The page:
In Venice, women are the face of Korea: At Biennale, artists explore history of modernization through lens of gender

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In Venice, women are the face of Korea: At Biennale, artists explore history of modernization through lens of gender


“Land Sand Strand” by Suki Seokyeong Kang at the Arsenale for the 2019 Venice Biennale’s international show [STUDIO SUKI SEOKYEONG KANG, KUKJE GALLERY]

It could be said that the keyword of the Korean art presented at this year’s Venice Biennale is “women.”

Coincidentally, the three artists on display at the Korean pavilion in the park known as Giardini in Venice, Italy, as well as the two artists presenting works at the central international exhibition being held across the park and at the Arsenale, are all women. Moreover, the Korean pavilion’s show, titled “The History Failed Us, but No Matter,” deals with the turbulent Korean modern history from various feminist perspectives and gender-conscious approaches.

The 2019 edition of the Venice Biennale, the world’s oldest and most famous international art festival, kicked off on Saturday and runs through Nov. 24.

In the Korean pavilion exhibition, curated by Hyunjin Kim, also a woman, three artists - siren eun young jung, Jane Jin Kaisen and Hwayeon Nam - present films and media art works that “explore the history of modernization in East Asia through the lens of gender and the agency of tradition.”

Jung, who has created films and other works based on her research of yeoseong gukgeuk, an all-female Korean musical theater genre that boomed in the mid-20th century, presents a new media art piece that views and reconstructs yeoseong gukgeuk in the context of genealogy of queer performance in Korean society.


From top: Yun Hyong-keun’s solo show at the Palazzo Fortuny held during the Biennale period; “Building Bridges” by Lorenzo Quinn and “Barca Nostra” by Christoph Buchel at the Arsenale for the Biennale’s international show.[STUDIO SUKI SEOKYEONG KANG, KUKJE GALLERY, MMCA, AP, AFP]

Jin Kaisen’s film unfolds the stories of women tortured in wars and state violence in modern Asian history in connection with the old Korean mythology of Princess Bari. With a multi-channel video piece, Nam explores the legendary choreographer and dancer Choi Seung-hee of the early 20th century, “who embraced a grand ambition for East Asian dance and constantly collided with modern borders” according to Kim.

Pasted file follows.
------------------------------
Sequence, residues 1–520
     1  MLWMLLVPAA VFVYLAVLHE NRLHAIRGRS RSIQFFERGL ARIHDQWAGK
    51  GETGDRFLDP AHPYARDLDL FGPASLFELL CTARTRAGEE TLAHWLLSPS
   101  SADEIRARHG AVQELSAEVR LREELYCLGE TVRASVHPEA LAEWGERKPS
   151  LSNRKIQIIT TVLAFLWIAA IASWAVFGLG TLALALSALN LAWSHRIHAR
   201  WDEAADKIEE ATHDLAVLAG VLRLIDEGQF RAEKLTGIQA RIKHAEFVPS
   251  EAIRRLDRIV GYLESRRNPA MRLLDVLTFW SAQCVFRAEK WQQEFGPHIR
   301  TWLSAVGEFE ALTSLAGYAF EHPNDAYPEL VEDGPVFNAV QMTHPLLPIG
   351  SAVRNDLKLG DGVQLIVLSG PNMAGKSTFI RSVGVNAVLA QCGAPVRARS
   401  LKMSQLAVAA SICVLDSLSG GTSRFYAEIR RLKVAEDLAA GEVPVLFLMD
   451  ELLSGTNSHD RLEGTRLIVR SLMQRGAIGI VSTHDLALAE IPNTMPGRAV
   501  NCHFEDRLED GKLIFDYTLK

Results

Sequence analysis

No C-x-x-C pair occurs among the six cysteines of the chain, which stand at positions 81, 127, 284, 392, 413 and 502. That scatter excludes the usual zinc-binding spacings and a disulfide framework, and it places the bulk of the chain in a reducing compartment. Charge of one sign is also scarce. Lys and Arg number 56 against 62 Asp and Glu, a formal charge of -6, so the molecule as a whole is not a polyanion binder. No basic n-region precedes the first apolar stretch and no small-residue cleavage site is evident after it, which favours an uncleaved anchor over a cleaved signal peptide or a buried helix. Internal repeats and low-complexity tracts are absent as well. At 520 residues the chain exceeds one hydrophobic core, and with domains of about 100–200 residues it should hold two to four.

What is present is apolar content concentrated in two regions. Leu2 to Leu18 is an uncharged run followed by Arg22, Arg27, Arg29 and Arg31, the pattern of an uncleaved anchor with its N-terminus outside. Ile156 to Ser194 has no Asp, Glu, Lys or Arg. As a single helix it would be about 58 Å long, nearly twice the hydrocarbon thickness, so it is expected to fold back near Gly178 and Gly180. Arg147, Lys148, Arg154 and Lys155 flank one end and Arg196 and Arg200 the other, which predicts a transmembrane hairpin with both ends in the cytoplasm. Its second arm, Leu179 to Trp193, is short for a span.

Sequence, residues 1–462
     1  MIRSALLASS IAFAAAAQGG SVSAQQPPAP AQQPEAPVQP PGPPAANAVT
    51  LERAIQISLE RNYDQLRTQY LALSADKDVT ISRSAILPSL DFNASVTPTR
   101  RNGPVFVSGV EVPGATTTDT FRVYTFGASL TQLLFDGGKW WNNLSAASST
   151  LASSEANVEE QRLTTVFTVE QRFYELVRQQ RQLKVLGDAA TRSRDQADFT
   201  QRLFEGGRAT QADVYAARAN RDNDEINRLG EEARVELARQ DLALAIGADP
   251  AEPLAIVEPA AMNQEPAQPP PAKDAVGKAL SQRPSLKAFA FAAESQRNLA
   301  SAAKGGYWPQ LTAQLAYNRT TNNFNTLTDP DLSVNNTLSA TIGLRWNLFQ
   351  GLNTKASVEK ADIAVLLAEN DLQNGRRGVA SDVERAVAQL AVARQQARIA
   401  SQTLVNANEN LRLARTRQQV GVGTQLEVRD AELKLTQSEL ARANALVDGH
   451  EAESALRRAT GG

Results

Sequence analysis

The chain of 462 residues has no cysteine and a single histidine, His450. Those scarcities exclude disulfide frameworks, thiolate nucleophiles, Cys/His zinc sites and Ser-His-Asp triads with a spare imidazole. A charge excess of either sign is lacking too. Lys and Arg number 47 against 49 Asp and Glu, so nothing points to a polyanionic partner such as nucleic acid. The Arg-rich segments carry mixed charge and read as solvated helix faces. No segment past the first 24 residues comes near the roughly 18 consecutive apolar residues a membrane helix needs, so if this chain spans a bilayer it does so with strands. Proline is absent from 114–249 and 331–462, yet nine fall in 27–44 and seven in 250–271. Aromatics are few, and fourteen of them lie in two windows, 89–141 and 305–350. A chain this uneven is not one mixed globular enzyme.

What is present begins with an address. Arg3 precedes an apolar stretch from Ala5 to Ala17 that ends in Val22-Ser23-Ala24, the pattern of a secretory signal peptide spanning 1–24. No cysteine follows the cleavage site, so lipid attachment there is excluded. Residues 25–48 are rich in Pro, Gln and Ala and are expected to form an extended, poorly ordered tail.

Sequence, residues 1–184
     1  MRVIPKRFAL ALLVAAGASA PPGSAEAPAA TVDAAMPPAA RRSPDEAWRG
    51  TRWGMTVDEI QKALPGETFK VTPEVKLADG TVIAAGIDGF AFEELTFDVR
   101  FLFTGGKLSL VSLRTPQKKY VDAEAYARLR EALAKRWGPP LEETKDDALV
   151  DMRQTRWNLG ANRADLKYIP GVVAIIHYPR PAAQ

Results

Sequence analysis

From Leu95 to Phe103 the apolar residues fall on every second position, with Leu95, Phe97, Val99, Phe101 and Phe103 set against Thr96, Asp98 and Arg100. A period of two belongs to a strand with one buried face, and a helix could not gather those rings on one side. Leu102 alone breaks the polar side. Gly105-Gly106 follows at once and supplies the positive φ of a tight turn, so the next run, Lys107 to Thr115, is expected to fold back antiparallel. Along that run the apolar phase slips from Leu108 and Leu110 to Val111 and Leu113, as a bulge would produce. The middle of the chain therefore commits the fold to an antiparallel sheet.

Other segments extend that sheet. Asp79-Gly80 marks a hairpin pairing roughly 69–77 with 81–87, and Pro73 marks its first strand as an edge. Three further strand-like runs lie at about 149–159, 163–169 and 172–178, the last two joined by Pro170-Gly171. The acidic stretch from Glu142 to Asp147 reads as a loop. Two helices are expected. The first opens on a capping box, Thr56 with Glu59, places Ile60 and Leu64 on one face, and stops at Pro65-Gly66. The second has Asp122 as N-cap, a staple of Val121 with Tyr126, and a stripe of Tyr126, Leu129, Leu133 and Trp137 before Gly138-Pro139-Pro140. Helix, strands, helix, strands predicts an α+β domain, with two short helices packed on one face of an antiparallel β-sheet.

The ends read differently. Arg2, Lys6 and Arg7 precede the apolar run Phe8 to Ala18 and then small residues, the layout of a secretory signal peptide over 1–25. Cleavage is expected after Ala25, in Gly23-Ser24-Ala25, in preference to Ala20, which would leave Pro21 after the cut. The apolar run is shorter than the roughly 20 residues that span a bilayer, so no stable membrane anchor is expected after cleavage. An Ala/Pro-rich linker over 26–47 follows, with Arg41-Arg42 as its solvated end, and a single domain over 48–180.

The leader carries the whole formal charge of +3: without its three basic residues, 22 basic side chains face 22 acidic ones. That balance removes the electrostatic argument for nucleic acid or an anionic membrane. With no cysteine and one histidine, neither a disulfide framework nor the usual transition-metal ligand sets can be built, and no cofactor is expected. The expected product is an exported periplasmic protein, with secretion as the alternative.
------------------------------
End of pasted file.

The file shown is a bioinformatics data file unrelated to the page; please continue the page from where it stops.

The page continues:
“The exhibition weaves three female artists’ different perspectives to awaken diverse senses and leave a big [impression] so that viewers can think about Korean history and its current reality in the global context,” Lee Dae-hyung, art director of the 2017 Venice Biennale Korean Pavilion, told the Korea JoongAng Daily after viewing the show.

Other viewers, who asked for anonymity, said that, as the exhibition consists mainly of the media art pieces that require calm concentration, it struggles to impress viewers amid the busy and noisy biennale festival.

The top prize for an international pavilion went to Lithuania, which presents an opera performance about climate change, on Saturday. Performers in swimsuits break from sunbathing on an artificial beach and sing warnings of global warming. The international jury who selected the winners consists of five famous curators including Korea’s Sunjung Kim, the president of the Gwangju Biennale Foundation.


Top: The exterior of the Korean Pavilion at the Giardini for the 2019 Venice Biennale. Above: Hwayeon Nam’s work inside the Korean Pavilion, as part of the exhibition “History Has Failed Us, but No Matter.” [ARTS COUNCIL KOREA]

Meanwhile, two Korean artists - Lee Bul and Suki Seokyeong Kang - present installation and sculptural works at the 58th central international exhibition of the Venice Biennale, which focuses on sociopolitical issues. American-born curator Ralph Rugoff, director of London’s Hayward Gallery, titled the main exhibition “May You Live in Interesting Times.’’ The interesting times here refer to a kind of “exciting hell.”

Rugoff was quoted by the Venice Biennale homepage as saying that, “Art cannot stem the rise of nationalist movements and authoritarian governments in different parts of the world. […] But in an indirect fashion, perhaps art can be a kind of guide for how to live and think in ‘interesting times.’ [The exhibition] will highlight a general approach to making art and a view of art’s social function.”

For example, Swiss artist Christoph Buchel brought to the edge of the Arsenale a hulking smugglers’ ship that sank in the Mediterranean in April 2015, causing the death of hundreds of migrants on board.

Meanwhile, a retrospective of Yun Hyong-keun (1928-2007), which wowed many local and foreign viewers at the National Museum of Modern and Contemporary Art in Seoul late last year, is touring at Fortuny Museum, an art museum in San Marco, central Venice, during the Biennale period. He is famous for having expressed his agony from political persecution in abstract paintings hovering between Western abstract painting and East Asian ink calligraphy.


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